Do you want to get a new tattoo? First things first, it’s natural to want to consider the kind of design that you want to get and you wouldn’t be the first to turn towards one of the Viking tattoos that are so popular at the moment. But did Vikings have tattoos in reality? And what were their meanings?
That is, even though most Viking tattoo designs are impressive, there’s a lot of historical information to learn. For instance, Vikings tattoos and their meanings are widely popular due to pop culture more than anything else – but are all those TV shows accurate? After all, there are a lot of things that are inconclusive about this Norse tribe, including when it comes to their body art.
In particular, while Vikings did have tattoos, there are things to know and avoid. Read on to learn more about what makes Viking tattoos so interesting, the important Viking symbols, and what to avoid about these tattoo designs.
Did Vikings have tattoos?
The consensus is that Vikings were heavily tattooed. However, archeological findings struggle to determine the presence of tattoos on Viking remains because most of what’s left is skeletal remains. Nevertheless, various historical sources indicate that they had clear markings that are equivalent to modern day tattoo markings.
Vikings are known as warriors. It makes sense for them to have tattoos when you look at the historical accuracy of warriors from different tribes at the time. In every tribal group, artists and craftsmen are present to play a crucial role in history.
According to some sources on what Vikings looked like from an Arabic scholar at the time, Ahmad Ibn Fadlan, visible ink markings on Vikings gave them their impressive appearance. These tattoos showed unfamiliar patterns, trees, and other historical symbols used for expression.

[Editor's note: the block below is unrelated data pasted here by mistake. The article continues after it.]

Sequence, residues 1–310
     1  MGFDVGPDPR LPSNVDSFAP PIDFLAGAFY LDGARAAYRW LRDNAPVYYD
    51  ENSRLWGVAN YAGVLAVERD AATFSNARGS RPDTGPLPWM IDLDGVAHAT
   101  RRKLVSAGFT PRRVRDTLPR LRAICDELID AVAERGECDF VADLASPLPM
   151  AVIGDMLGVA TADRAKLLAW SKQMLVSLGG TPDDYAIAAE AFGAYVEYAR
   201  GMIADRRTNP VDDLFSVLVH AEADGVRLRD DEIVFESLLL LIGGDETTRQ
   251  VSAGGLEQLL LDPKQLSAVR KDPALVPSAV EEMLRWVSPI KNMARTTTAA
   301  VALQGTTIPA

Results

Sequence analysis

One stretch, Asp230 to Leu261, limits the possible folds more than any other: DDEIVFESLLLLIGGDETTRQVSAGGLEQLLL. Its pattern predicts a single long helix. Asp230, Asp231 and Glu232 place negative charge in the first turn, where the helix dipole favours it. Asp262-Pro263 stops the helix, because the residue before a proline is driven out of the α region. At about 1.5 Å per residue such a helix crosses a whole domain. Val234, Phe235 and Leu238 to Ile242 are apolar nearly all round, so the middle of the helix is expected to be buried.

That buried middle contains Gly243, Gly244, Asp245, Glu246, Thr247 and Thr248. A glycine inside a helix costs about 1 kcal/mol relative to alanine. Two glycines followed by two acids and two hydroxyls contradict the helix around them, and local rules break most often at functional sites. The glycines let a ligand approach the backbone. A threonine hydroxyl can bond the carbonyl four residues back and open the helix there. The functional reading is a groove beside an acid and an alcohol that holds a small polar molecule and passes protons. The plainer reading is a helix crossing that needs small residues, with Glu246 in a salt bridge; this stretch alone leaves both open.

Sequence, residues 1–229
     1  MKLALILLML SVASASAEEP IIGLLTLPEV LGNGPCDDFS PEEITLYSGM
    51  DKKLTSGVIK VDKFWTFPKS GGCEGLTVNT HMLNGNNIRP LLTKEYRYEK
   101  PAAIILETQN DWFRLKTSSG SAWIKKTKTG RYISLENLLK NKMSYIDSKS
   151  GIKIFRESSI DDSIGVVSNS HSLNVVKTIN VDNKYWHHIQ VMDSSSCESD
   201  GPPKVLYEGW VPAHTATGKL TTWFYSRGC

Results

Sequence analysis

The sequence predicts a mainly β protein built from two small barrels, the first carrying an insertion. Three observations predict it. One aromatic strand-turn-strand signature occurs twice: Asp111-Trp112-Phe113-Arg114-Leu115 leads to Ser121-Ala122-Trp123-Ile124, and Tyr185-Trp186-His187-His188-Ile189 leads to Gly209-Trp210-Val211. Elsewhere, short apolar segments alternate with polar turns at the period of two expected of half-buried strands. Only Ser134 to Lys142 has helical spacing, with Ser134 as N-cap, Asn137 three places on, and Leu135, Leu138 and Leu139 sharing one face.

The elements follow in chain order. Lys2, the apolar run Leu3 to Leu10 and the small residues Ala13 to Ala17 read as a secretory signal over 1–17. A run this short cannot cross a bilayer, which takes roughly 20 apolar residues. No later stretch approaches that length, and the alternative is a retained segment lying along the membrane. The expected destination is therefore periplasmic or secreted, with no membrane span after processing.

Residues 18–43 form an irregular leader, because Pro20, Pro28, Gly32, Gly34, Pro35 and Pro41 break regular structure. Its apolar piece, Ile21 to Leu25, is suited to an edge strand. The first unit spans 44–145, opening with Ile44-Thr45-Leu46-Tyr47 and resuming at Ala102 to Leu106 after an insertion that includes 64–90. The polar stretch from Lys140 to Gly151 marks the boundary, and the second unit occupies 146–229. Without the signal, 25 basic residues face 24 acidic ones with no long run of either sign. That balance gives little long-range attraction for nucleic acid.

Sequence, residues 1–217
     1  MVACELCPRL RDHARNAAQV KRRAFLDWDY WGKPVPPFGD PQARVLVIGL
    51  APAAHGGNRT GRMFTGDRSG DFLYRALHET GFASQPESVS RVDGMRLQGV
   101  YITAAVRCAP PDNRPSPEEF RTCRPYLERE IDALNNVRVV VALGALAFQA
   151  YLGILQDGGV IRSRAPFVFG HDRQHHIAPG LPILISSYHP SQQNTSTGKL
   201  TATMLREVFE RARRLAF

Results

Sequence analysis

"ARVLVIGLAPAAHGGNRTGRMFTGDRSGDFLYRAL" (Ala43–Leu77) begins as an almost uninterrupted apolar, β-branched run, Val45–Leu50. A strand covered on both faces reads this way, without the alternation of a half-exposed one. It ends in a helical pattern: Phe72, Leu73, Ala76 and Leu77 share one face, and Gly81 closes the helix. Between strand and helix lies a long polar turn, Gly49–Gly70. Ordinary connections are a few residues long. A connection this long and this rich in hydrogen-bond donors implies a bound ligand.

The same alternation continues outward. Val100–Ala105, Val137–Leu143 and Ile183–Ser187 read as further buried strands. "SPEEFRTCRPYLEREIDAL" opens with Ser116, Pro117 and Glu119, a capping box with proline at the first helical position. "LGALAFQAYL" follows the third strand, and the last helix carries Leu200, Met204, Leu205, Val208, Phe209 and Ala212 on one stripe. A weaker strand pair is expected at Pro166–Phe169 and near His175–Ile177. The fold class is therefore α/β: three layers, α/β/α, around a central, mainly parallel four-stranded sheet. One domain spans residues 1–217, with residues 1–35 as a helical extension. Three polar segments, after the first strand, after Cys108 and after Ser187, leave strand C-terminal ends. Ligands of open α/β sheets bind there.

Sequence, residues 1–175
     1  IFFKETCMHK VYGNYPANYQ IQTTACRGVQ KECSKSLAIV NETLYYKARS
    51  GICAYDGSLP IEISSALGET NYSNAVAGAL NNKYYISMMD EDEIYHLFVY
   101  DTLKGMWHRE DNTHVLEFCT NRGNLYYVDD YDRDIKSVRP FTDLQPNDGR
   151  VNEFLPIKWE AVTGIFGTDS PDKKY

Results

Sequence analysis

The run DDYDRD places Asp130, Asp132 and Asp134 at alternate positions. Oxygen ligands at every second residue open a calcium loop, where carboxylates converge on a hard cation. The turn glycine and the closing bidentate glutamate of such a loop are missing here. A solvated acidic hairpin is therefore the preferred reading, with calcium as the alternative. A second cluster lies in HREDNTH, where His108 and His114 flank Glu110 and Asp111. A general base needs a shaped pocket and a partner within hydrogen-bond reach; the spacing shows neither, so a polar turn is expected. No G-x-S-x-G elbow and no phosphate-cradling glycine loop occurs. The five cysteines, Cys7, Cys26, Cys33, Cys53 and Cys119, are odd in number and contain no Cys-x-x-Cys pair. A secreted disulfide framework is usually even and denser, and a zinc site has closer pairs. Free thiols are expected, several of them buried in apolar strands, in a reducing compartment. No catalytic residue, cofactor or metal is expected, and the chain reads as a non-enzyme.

These markings have significant meaning to different Viking tribes even though they weren’t recognizable to outsiders. Over the years, tattoos have remained a big part of European and other heritages. In fact, they date back to centuries prior to the Viking era.
Were there Viking tattoos for females?
Viking women lived a life similar to Viking men, so they had similar things done, such as body art. It’s common to find sources that refer to Viking women with tattoos. This means that it’s considered accurate for TV shows and other forms of media to depict Viking female warriors with tattoos.
This is why you find detailed female Viking tattoo designs. Females explored intricate runic symbols and Norse mythological animals for body art ideas. In certain instances, females added face paint and henna hand drawings to enhance their aesthetic appeal, and Viking make up was also a thing at the time.
You’ll find that the Viking tattoo meanings and designs tend to largely be the same for both male and female Vikings.
Did the Vikings tattoo their bodies?
The evidence is inconclusive about whether Vikings had tattoos on their bodies or not due to the lack of concrete archeological preservation of Viking remains. Some historical sources state that Vikings were known for their prominent bodily markings. If present, these markings symbolized various meanings that depend on various factors.
Since Viking tattoos are only a considered fact, research proposes that these markings have significant meaning when present. But, Nordic tribes lack written records because they believed history passed down from generation to generation through storytelling. Most of this history is lost in translation, and nowadays, you rely on inconclusive information.
In many representations of Viking history in books and television, they continuously show this tribe with distinctive permanent markings. You can say that these resemble modern-day tattoos. In fact, Iban Fadlan gave a descriptive account of the appearance of Vikings with bodily art around the 10th century, noting that they had tattoos that continued from their fingertips, up their arms to their necks.
Moreover, Scandinavian history that dates back to the Bronze Age shows that tattoo art has existed in these parts of the world until well before the Viking age. There are tools that have been used to carve permanent drawings on bodies as far back as 3000 B.C. This strengthens the view that Vikings did in fact have tattoos or similar bodily art.
Did Vikings have tattoos on their heads?
Any evidence of Vikings with tattoos suggests that they didn’t have any on their heads. Vikings are said to have visible markings on their hands, bodies, and faces. Arab scholar Iban Fadlan suggested that these markings were a collection of different symbols along their fingertips to the nape of their necks.
The minority of the evidence implies that Nordic cultures didn’t believe in tattoos on their faces and heads. The most that you find is Viking face paint that they use in battles, or the females for their appearance. However, there’s mummy evidence of inland Germanic tribes and their use of facial and head tattoos.